Frederick J GoldsteinPhiladelphia College of Osteopathic Medicine, USA
Title: Clinical pharmacology of Marijuana
Within the United States, approval of medical and recreation use of marijuana has occurred at the state but not federal level. It remains classified as a Drug Enforcement Agency (DEA) Schedule I product but sales in states are robust, with control ranging from basically none to requirement of physician certification only for a medical purpose. In addition to purchases of the plant in various forms, active substances extracted such as delta-9-tetrahydrocannabinol (THC) and cannabidiol (CBD) are also available at retail stores. However, due to the federal restriction, such transactions can occur with products grown only in each specific state, i.e., interstate commerce would be a major federal violation. . Self-treatment of many conditions includes anxiety, post-traumatic stress disorder (PTSD) and, most significant, chronic pain. However, high-level clinical research needed to document such applications is lacking. The endogenous cannabinoid (ECB) system is extremely varied and complex. Anandamide, the ECB neurochemical, acts on cannabinoid-1 (CB1) receptors located primarily in the CNS and CB2 receptors found mostly in the PNS. More than 20 physiologic actions, including hunger, memory and pain are influenced by the ECB system. Clinical pharmacological aspects of THC will be discussed including addiction liability, mechanisms of action, dosage as related blood and breath levels, fatality rate, acute and chronic adverse effects, potential teratogenic effects, and therapeutic uses. In the USA, THC is available as nabilone (DEA Schedule II) and dronabinol (DEA Schedule III) prescription products which are FDA-approved for administration as appetite stimulants and antiemetics. CBD (not DEA-scheduled) is officially sanctioned for seizures associated with Lennox-Gastaut syndrome or Dravet syndrome in patients 2 years of age and older. Although numerous studies have found some evidence supporting analgesic efficacy of cannabinoids across various pain disorders, they are not currently FDA-approved for treatment of chronic neuropathic pain (NP). In an ongoing pilot study led by Dr. Goldstein, daily doses of THC over a four-week period have been shown to reduce pain scores and use of other analgesic medications in patients with chronic NP; these data will be presented.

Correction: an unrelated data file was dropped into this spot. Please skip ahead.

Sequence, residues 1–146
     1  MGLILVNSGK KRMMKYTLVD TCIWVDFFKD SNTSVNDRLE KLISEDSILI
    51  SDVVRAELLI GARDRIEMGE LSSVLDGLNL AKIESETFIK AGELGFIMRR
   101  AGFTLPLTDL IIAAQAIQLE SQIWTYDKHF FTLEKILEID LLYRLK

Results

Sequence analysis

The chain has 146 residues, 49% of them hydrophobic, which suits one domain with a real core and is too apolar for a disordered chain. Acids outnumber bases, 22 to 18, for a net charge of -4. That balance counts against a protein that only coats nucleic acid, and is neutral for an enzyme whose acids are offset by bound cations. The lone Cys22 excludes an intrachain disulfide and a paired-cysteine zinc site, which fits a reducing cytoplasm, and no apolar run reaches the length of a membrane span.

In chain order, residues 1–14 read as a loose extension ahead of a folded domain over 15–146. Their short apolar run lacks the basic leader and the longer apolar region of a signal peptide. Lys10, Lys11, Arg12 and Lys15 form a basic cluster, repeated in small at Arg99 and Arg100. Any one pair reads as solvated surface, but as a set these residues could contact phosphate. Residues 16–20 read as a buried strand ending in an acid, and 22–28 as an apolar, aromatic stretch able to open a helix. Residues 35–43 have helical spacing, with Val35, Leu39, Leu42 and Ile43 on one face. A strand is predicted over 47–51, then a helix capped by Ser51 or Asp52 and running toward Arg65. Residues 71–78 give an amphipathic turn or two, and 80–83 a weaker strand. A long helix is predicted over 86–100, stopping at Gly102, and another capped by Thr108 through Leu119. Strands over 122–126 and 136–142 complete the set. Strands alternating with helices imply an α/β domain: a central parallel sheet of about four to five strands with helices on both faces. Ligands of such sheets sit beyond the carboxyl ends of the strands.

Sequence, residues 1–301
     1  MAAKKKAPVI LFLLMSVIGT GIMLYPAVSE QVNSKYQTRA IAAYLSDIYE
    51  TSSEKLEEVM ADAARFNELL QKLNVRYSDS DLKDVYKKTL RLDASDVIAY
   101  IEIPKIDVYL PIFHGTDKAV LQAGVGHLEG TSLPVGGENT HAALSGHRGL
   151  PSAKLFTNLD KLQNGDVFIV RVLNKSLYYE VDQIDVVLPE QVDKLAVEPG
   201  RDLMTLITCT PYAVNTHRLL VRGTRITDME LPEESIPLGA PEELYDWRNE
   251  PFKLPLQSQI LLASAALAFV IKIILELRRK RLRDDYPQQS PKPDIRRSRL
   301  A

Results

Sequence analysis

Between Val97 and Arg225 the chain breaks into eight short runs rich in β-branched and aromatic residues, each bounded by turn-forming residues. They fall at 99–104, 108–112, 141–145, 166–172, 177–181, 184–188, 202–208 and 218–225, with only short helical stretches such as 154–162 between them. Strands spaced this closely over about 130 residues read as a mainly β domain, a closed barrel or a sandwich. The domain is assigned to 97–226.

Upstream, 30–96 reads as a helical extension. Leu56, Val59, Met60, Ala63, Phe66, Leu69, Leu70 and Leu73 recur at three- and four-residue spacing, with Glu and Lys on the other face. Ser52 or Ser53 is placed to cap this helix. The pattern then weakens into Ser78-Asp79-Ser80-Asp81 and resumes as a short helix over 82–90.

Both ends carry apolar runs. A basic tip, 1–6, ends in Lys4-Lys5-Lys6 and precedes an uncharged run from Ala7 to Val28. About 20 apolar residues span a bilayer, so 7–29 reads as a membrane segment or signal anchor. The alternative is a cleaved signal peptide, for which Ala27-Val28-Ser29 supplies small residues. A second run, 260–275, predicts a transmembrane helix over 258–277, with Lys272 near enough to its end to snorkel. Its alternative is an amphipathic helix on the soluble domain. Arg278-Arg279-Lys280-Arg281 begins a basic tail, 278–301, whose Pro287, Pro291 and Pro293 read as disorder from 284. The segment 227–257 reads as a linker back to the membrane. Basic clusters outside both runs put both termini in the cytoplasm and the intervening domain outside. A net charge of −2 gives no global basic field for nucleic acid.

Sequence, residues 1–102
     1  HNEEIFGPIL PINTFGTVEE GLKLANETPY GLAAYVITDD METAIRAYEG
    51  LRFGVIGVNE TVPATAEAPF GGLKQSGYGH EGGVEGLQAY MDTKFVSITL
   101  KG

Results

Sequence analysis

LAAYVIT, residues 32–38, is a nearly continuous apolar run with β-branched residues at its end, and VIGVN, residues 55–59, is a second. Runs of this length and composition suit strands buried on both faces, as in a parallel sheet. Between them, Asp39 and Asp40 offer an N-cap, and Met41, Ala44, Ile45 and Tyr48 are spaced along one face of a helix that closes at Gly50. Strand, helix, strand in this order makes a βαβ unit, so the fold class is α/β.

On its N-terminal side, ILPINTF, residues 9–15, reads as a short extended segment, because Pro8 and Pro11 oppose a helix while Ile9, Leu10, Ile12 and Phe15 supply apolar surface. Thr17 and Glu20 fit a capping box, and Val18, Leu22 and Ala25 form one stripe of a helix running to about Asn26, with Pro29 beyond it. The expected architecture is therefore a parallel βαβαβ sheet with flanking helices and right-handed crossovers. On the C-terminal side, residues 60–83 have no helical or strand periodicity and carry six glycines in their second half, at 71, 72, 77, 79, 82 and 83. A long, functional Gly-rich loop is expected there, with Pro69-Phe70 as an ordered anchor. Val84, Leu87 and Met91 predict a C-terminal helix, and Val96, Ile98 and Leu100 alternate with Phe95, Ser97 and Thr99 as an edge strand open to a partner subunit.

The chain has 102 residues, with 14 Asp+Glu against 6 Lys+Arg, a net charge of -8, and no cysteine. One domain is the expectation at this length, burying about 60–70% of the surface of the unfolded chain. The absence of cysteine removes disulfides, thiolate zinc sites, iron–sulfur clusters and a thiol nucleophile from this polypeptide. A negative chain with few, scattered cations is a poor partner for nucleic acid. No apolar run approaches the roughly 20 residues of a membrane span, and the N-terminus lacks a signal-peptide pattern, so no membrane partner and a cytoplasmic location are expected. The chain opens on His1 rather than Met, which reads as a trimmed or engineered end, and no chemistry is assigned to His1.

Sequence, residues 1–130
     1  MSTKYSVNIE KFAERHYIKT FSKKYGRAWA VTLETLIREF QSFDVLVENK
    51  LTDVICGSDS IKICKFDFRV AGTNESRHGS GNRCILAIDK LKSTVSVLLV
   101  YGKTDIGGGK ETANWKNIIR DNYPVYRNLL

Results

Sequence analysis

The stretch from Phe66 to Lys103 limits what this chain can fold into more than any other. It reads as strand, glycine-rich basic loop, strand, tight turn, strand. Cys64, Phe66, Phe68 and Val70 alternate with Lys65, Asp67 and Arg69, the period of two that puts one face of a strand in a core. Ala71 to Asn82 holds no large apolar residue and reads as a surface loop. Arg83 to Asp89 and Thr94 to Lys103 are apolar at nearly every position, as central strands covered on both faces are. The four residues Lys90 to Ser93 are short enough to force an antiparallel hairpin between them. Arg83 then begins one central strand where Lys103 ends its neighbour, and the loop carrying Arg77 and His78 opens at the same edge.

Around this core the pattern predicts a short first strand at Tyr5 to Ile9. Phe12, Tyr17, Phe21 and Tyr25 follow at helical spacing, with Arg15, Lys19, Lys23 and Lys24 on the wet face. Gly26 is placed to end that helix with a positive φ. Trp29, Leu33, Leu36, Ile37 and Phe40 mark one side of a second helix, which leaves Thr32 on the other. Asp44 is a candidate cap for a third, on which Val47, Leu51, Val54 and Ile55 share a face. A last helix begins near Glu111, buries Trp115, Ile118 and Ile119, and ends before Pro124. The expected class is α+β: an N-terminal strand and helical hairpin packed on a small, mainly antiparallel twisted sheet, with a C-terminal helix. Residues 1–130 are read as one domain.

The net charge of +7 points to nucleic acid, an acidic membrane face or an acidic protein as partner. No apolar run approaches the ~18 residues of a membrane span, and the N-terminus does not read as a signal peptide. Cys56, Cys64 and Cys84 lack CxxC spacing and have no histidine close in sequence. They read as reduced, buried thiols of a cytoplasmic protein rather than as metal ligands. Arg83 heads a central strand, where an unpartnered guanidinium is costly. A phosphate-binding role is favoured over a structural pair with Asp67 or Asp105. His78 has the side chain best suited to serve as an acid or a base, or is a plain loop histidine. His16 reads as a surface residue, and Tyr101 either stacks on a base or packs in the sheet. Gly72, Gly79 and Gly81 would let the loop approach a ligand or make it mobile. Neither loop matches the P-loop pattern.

Frederick J. Goldstein, PhD, a Fellow in Clinical Pharmacology (FCP) of the American College of Clinical Pharmacology, is Professor of Clinical Pharmacology, Department of Bio-Medical Sciences at the Philadelphia College of Osteopathic Medicine (PCOM). Here he serves as Coordinator of Pharmacology for the medical school. He also lectures in Pharmacology at the University of Pennsylvania School of Dental Medicine. For the past 39 years, he has conducted human studies to improve analgesia in patients at seven sites including initially at Walter Reed Army Medical Center, and subsequently in Philadelphia at Einstein, Jefferson and Methodist medical centers. At PCOM he is investigating the efficacy of adding THC to improve analgesia in chronic neuropathic pain patients who currently take other analgesic drugs (including opioids) with little or no success. From his clinical experience, he created the term suicidogen, defined as any factor that causes a person to think about and possibly commit suicide; it was published in 1997 (if tthe exact word is searched, his paper will appear). He has many other publications, and has received grants to support his research. Dr. Goldstein serves on the Editorial Board of the Journal of Opioid Management where he reviews papers, and also serves as a reviewer for the Journal of Osteopathic Medicine. His memberships include the Rho Chi Honor Society, American Society for Pharmacology and Experimental Therapeutics, American College of Clinical Pharmacology, and International Association for the Study of Pain. Dr. Goldstein received his Ph.D. in Pharmacology from the University of the Sciences in Philadelphia where he was honored with the Lindback Award for Distinguished Teaching in 1990.